Home > Carrie(12)

Author: Stephen King

She thought herself suddenly loathsome.

She found she could not bear that and so she twisted it at him. 'When did you start making all these big moral decisions? After you started f**king me?'

She saw the good humour fade from his face and was sorry.

'Guess I should have kept quiet,' he said, and pulled up his pants.

'It's not you, it's me.' She put a hand on his arm. 'I'm ashamed, see?'

'I know,' he said. 'But I shouldn't be giving advice. I'm not very good at it.'

'Tommy, do you ever hate being so ... well, popular?'

'Me?' The question wrote surprise on his face. 'Do you mean like football and class president and that stuff?'


'No. Ifs not very important. High school isn't a very important place. When you're going you think it's a big deal, but when it's over nobody really think. it was great unless they're beered up. That's how my brother and his buddies are, anyway.'

It did not soothe her; it made her fears worse. Little Susie mix 'n match from Ewen High School, Head Cupcake of the entire Cupcake Brigade. Prom gown kept forever in the closet, wrapped in protective plastic.

The night pressed dark against the slightly steamed car windows.

'I'll probably end up working at my dad's car lot,' he said. 'I'll spend my Friday and Saturday nights down at Uncle Billy's or out at The Cavalier drinking beer and talking about the Saturday afternoon I got that fat pitch from Saunders and we upset Dorchester. Get married to some nagging broad and always own last years model, vote Democrat-'

'Don't,' she said, her mouth suddenly full of a dark, sweet horror. She pulled him to her. 'Love me. My head is so bad tonight. Love me. Love me.'

So he loved her and this time it was different, this time there finally seemed to be room and there was no rubbing but a delicious friction that went up and up: Twice he had to stop, panting, and held himself back, and then he went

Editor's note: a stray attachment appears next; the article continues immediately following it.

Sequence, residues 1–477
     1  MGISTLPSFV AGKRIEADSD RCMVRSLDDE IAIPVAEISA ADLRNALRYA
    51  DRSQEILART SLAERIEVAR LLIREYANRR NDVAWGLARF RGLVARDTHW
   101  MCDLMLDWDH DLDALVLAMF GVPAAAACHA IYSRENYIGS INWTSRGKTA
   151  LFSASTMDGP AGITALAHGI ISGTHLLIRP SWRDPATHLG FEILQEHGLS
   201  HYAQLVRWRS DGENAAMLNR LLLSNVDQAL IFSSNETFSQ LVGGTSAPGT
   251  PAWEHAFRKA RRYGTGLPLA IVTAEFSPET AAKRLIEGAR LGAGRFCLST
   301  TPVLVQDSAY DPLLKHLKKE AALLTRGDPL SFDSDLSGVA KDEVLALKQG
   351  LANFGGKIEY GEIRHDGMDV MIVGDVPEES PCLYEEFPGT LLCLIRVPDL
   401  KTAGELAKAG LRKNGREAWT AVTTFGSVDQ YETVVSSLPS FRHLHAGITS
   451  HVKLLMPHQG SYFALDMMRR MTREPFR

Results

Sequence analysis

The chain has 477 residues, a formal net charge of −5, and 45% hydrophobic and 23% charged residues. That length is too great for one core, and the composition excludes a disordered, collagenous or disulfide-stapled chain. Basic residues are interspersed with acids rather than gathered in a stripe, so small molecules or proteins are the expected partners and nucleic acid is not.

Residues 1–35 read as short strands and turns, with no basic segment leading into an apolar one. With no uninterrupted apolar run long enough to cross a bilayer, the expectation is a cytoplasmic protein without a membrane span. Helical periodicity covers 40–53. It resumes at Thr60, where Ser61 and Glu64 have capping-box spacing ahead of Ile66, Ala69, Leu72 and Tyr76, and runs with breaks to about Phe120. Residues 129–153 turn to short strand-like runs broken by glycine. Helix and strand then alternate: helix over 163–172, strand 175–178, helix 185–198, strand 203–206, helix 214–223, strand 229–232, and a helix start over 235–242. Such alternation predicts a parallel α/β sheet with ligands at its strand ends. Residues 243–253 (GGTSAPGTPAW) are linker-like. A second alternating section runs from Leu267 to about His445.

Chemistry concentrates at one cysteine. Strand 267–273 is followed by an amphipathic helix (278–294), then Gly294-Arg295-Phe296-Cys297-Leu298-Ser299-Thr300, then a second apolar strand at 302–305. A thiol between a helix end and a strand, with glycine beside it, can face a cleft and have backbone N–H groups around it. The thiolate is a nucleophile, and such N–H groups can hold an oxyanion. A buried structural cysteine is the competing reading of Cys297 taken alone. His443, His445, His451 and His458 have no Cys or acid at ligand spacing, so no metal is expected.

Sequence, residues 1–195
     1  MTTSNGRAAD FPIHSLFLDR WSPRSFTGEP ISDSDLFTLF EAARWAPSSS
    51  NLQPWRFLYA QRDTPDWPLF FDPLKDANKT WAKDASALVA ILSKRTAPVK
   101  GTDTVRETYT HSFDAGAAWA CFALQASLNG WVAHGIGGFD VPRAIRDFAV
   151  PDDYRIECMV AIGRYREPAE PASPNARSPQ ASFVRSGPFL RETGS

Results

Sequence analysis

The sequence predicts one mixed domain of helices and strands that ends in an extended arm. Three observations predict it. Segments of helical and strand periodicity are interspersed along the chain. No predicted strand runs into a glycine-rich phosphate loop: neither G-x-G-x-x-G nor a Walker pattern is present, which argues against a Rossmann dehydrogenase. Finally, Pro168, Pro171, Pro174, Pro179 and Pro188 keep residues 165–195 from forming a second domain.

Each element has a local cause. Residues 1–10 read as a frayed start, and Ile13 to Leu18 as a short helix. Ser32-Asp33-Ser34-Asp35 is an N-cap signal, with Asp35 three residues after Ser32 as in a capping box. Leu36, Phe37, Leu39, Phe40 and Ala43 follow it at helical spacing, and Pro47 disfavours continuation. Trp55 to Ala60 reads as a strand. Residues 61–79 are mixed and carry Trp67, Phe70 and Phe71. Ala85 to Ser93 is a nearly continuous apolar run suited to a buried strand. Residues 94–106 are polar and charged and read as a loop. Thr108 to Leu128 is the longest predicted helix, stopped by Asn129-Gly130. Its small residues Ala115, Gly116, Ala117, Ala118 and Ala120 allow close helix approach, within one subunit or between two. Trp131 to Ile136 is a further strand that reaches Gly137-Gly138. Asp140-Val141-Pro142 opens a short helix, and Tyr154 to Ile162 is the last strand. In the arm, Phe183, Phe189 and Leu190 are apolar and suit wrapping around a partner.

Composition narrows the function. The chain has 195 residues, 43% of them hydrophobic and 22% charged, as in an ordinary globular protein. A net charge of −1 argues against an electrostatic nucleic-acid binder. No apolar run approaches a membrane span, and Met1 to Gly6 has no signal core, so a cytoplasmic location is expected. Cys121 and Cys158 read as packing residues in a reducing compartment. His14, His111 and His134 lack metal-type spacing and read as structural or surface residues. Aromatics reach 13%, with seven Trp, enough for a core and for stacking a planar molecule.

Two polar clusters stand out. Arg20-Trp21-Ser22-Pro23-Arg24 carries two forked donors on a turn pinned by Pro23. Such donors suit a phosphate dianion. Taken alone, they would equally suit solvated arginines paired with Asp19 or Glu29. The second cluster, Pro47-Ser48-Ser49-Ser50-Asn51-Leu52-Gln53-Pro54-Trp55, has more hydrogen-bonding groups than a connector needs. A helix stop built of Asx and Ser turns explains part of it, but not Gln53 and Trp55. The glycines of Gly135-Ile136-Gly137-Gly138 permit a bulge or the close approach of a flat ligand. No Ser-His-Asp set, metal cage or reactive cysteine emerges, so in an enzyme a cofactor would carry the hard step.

(he was a virgin before me and admitted it I would have believed a lie)

and went hard and her breath came in short, digging gasps and then she began to yell and hold at his back, helpless to stop, sweating, the bad taste washed away, every cell seeming to have its own climax, body filled with sunlight, musical notes in her mind, butterflies behind her skull in the cage of her mind.

Later, on the way home, he asked her formally if she would go to the Spring Ball with him. She said she would. He asked her if she had decided what to do about Carrie.

She said she hadn't. He said that it made no difference. but she thought that it did. It had begun to seem that it meant all the difference.

From Telekinesis: Analysis and Aftermath (Science Yearbook 1982), by Dean K. L. McGuffin:

There are, of course, still these scientists today - regretfully, the Duke University people are in their forefront - who reject the terrific underlying implications of the Carrie White affair. Like the Flatlands Society, the Rosicrucians, or the Corlies of Arizona, who are positive that the atomic bomb does not work, these unfortunates are flying in the face of logic with their heads in the sand, and beg your pardon for the mixed metaphor.